Exactly. And Michael Young coined the term. We forget this, but Michael Young coined the term “meritocracy” back in 1958 with a little book, The Rise of the Meritocracy. That's what it was called. Meritocracy, we use that as an ideal, as the name of an aspiration. When he coined the term, it was a dystopian story he was telling. It was a good thing that the class system was breaking down and that young people from working class families had a chance to get a good education and to compete for jobs. He was all for that.
But he glimpsed the harsh attitudes toward success that would result insofar as people imbibed this sense of deservingness. And he was onto something. He predicted, actually, that in the year 2034, there would be a populist revolt against the meritocracy. He was almost right, except that revolt came  years early.
But was that revolt the revolt of populism as reflected in Trump's emergence in 2016 only or mainly a reflection of the economic disparities of winners and losers? Or was it not also a reflection of a cultural contestation not between economic winners and losers, but between people who control the megaphone of public communication, who live on the coast, and who have certain modernist ideas about social life and those who might clinging to their religion, their guns, and their more conventional morality, you know, moral judgments about sexuality and all of that? Wasn't that also part of the story? And how does that fit into your argument?
I think it was both. It was clearly both. And in fact, I think we sometimes distinguish too sharply between economic and cultural interpretations. As you have shown, economics is shot through with cultural assumptions and beliefs. So part of what I try to do in The Tyranny of Merit is to break down this sharp distinction between economic and cultural interpretation.
I think that the sense of anger and resentment and grievance against elites is at the heart of Trump's appeal. Now, of course, a good part of his appeal, a lot of people were drawn to the racist, xenophobic, misogynist aspect of his appeal. There is no question about that. But the animus against elites, especially against the professional class—and this connects, Glenn, with what you were saying about the coastal elites—this represented, actually, a change in partisan allegiances. Traditionally, voters without a college education voted for the Democratic Party. And this is true in other countries, too. In Britain, they voted for the Labor Party. In France, they voted for socialist parties.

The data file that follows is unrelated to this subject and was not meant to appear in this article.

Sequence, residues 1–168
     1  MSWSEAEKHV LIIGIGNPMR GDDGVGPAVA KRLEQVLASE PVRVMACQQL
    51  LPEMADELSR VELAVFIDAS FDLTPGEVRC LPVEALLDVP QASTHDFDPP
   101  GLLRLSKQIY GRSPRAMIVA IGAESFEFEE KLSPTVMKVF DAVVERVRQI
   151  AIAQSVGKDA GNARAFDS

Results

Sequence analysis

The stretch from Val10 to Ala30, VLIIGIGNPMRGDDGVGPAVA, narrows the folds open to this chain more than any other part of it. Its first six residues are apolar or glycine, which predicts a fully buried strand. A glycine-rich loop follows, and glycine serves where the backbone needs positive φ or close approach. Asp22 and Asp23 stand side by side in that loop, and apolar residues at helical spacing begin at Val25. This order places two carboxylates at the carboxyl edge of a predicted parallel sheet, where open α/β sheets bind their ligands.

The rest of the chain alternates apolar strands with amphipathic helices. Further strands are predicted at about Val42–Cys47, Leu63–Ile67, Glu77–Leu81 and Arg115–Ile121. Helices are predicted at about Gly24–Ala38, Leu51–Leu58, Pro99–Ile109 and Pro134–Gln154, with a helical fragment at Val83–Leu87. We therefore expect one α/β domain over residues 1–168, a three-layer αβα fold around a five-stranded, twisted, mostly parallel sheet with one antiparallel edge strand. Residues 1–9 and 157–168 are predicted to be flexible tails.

But in recent decades, this has flipped. Those who have a a university degree tend to vote for center-left parties—the Democratic Party in the United States—and those without college degrees tend to vote Republican. And Trump was a big part of kind of consolidating. As you remember, after one of those primary election victories, he said, “I love the poorly educated.”
Yeah. I love that line, actually.
Well, he was onto something.
I mean, I confess, I really love that line.
Yeah. Okay. But you noted it. You took note of that.
Yeah, I did.
Something was happening. That pointed to something of political significance, which is that by 2016, the Democratic Party was more identified with the interests, the values, and the outlook of the well-educated professional classes than with the blue collar voters who traditionally, going back to the New Deal, provided the base of their support. And this has happened in a great many democratic societies. So the divide between those with and those without a college degree has become one of the most significant divides in American politics. And I think that the Democratic Party, if it's to renew its mission and purpose, rethink its political agenda and outlook, has to ask why it is it lost credibility with a large swath of working-class voters and those without college education.
And I think it's connected to the meritocratic hubris of elites. Because Trump, economically, he's a wealthy man. So you could say, well, he was a kind of elite. And yet he was able to channel the sense of grievance against elites because the elites he targeted were elites who had long looked down on him. Elites in the world of finance, in the world of academia, in the world of the media, in journalism, the Manhattan elite.
So one of the few authentic things about Trump was his sense of being looked down upon, his ability to channel grievance. And that translated to the animus, the anger, the grievance against well-educated elites the professional classes that a great many working people felt after years—and here's where it connects to the economy. It's cultural and it's economic, because many of these voters were the ones who suffered from four decades of the kind of neoliberal globalization project that involved the outsourcing of jobs, stagnant real wages over four decades. But it was connected, the neoliberal globalization project of the center-right and center-left establishment parties on both sides was connected with a certain meritocratic hubris among the elites who said, “The winners deserve their winning.”
Do the "haves" today really think of themselves as more deserving of their status than the "haves" in other time periods?
In decrying meritocracy is he not falling into the progressive trap of ableism?